After Murry Stegelmann received a bachelor's degree in economics from Hillsdale College and a graduate degree in economics from Columbia University, he became managing director and corporate officer of GE Capital.
In 2003, he founded his own company, Kilimanjaro Advisors, launching Kilimanjaro Credit Fund, LP later that year. Kilimanjaro Advisors, the name of which was inspired by Stegelmann’s climb up Mount Kilimanjaro, has worked with many financially distressed companies, including Delta Airlines, Delphi Corporation, General Motors, and United Airlines.
Neither Stegelmann’s success nor his talents are limited to his work, however. He is the treasurer and a trustee of the Cathedral of St. John the Divine in New York City, where he also served as a guest organist during his graduate years at Columbia. He chairs the investment committee of Junior Achievement of Southwest Connecticut. Previously, he served as an elected member of the Representative Town Meeting in Darien, Connecticut, and later on the Darien Board of Finance as its chairman.
Stegelmann’s work ethic has garnered him as much success in his undergraduate years as it has in the years since. Having been drawn to Hillsdale College by its unique approach to teaching economics, particularly its emphasis on Austrian economics, he graduated with a degree in economics and a minor in mathematics. During his time as a student, he was elected president of the Hillsdale Student Federation, served as the president of Sigma Chi fraternity, and graduated as the valedictorian. Stegelmann considers himself lucky to have chosen his college well, and he credits these experiences at Hillsdale for his success both at Columbia University and in the business world.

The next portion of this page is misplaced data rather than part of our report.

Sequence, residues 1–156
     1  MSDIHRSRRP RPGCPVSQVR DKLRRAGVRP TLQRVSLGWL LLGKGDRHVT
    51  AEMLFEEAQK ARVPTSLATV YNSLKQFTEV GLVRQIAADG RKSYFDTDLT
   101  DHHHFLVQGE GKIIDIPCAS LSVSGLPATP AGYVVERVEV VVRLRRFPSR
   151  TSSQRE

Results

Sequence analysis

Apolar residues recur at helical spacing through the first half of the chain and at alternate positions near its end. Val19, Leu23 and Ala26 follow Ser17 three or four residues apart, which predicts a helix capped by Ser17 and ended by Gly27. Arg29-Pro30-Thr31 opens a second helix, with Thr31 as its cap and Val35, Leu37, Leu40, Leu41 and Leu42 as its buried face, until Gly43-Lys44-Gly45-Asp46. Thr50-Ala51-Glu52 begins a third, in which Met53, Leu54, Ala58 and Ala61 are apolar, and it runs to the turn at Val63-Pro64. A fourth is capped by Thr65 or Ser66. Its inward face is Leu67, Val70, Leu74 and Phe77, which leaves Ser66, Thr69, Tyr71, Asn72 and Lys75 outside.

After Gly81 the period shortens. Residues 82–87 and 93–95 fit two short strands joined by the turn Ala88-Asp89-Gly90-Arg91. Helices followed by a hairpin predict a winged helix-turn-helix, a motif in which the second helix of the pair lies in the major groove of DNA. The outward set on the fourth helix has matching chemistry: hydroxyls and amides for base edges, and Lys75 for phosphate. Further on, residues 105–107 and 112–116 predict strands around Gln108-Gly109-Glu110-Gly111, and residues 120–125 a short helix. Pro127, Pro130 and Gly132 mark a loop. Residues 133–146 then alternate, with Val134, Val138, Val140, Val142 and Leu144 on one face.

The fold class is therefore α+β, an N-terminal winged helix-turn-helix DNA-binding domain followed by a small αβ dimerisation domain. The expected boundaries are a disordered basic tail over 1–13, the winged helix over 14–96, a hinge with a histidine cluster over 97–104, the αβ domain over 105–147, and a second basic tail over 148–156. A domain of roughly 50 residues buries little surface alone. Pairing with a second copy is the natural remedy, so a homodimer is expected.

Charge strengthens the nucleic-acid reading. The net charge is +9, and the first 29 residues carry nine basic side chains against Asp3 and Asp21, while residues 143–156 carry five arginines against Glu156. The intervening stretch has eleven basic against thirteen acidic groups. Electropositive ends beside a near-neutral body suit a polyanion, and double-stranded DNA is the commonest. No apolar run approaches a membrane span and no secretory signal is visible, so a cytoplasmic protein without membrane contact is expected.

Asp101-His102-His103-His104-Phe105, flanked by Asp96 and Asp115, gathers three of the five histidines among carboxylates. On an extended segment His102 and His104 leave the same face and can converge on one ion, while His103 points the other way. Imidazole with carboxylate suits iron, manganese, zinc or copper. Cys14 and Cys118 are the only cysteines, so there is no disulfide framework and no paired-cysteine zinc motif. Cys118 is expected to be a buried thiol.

I'm motivated to bring light to the darkness. Hopefully one day I will be able to look back over my past and say that I have fought the good fight, I have finished my work.
Favorite place on campus
Although I actually never worked there as a student, the Ludwig von Mises Library is an amazing resource on campus. When my son Grant, inspired by Henry Hazlitt's Economics in One Lesson, wanted to study the Austrian economists as an independent study at his college, the registrar refused. Grant finally found a visiting professor who was willing to teach him the free market writings of Friedrich Hayek and Ludwig von Mises. Not long after, as a graduation present, I took Grant to Hillsdale College to visit the Ludwig von Mises Library. It was as much of a treat for me as it was for my son.
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